Avoiding penalties with a QDRO

Divorcing spouses in Texas may be able to avoid some penalties if splitting a 401K account by using a qualified domestic relations order.

In the midst of a divorce, the last thing a Texas resident needs to worry about is paying out high penalties or fees that may otherwise be avoided. Divorce may often bring about some natural amount of financial losses for people as assets must be divided between spouses. In addition, the cost of living as a single person is generally higher than the cost of living as a married couple.

This is a big reason why a qualified domestic relations order should always be used when a person must split a 401K account with a spouse during a divorce.

What exactly is a QDRO?

As explained by the U.S. Department of Labor, a qualified domestic relations order is a legal order that establishes the right of a person's spouse to receive money directly from a retirement account in their name.

This is important because retirement funds are set up in one person's name only. That person is generally the only one allowed to receive money from the account. When distributions by an account owner are taken for reasons other than those that meet retirement qualifications, penalties and fees may be assessed on the amount received. This in essence eats away at a person's savings.

By using a QDRO, the non-account owning spouse becomes a named alternate payee on an account and may receive money directly as determined in a divorce settlement. The spouse that owns the account therefore avoids the early withdrawal penalties.

How are taxes handled?

According to the Internal Revenue Service, money received by either the account owner or the alternate payee may be subject to taxation. Again, the use of the QDRO avoids the tax liability for the account owner as that person would not actually receive any money.

The spouse who is the alternate payee may be able to avoid paying taxes when money is received by ensuring it is put into another retirement fund.

Is a QDRO only for one-time payments?

A qualified domestic relations order may be setup to facilitate one-time payments to an alternate payee or multiple payments to that person. The QDRO must be drafted with all such details carefully outlined including the payment dates and payment amounts.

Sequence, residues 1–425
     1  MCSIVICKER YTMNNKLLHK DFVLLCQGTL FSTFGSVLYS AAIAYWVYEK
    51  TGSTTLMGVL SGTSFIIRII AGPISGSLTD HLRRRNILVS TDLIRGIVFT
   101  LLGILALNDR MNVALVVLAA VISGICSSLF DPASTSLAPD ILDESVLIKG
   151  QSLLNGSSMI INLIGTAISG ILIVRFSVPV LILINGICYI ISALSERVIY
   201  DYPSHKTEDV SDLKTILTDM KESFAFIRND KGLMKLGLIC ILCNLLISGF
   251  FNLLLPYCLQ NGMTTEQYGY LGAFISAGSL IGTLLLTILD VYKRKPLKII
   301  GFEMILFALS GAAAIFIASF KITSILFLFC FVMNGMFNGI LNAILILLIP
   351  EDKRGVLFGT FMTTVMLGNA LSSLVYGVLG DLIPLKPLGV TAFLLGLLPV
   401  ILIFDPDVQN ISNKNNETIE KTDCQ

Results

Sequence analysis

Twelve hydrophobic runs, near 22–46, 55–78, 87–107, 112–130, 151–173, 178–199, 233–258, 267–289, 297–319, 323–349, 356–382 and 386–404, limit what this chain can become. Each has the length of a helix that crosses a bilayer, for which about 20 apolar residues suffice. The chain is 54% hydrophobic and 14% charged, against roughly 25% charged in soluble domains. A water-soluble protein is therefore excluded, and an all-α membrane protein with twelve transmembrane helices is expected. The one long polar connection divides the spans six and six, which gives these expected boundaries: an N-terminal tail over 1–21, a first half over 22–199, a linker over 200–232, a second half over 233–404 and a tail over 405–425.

How do I get a QDRO?

There are many steps involved in ensuring a QDRO is properly created including ensuring that the plan administrator approves the QDRO before any agreement is finalized. For this reason, Texas spouses should always work with an attorney who is knowledgeable about QDROs to make sure theirs is handled properly.

In the midst of a divorce, the last thing a Texas resident needs to worry about is paying out high penalties or fees that may otherwise be avoided. Divorce may often bring about some natural amount of financial losses for people as assets must be divided between spouses. In addition, the cost of living as a single person is generally higher than the cost of living as a married couple.

This is a big reason why a qualified domestic relations order should always be used when a person must split a 401K account with a spouse during a divorce.

What exactly is a QDRO?

As explained by the U.S. Department of Labor, a qualified domestic relations order is a legal order that establishes the right of a person's spouse to receive money directly from a retirement account in their name.

This is important because retirement funds are set up in one person's name only. That person is generally the only one allowed to receive money from the account. When distributions by an account owner are taken for reasons other than those that meet retirement qualifications, penalties and fees may be assessed on the amount received. This in essence eats away at a person's savings.

By using a QDRO, the non-account owning spouse becomes a named alternate payee on an account and may receive money directly as determined in a divorce settlement. The spouse that owns the account therefore avoids the early withdrawal penalties.

How are taxes handled?

According to the Internal Revenue Service, money received by either the account owner or the alternate payee may be subject to taxation. Again, the use of the QDRO avoids the tax liability for the account owner as that person would not actually receive any money.

The spouse who is the alternate payee may be able to avoid paying taxes when money is received by ensuring it is put into another retirement fund.

Is a QDRO only for one-time payments?

A qualified domestic relations order may be setup to facilitate one-time payments to an alternate payee or multiple payments to that person. The QDRO must be drafted with all such details carefully outlined including the payment dates and payment amounts.

How do I get a QDRO?

There are many steps involved in ensuring a QDRO is properly created including ensuring that the plan administrator approves the QDRO before any agreement is finalized. For this reason, Texas spouses should always work with an attorney who is knowledgeable about QDROs to make sure theirs is handled properly.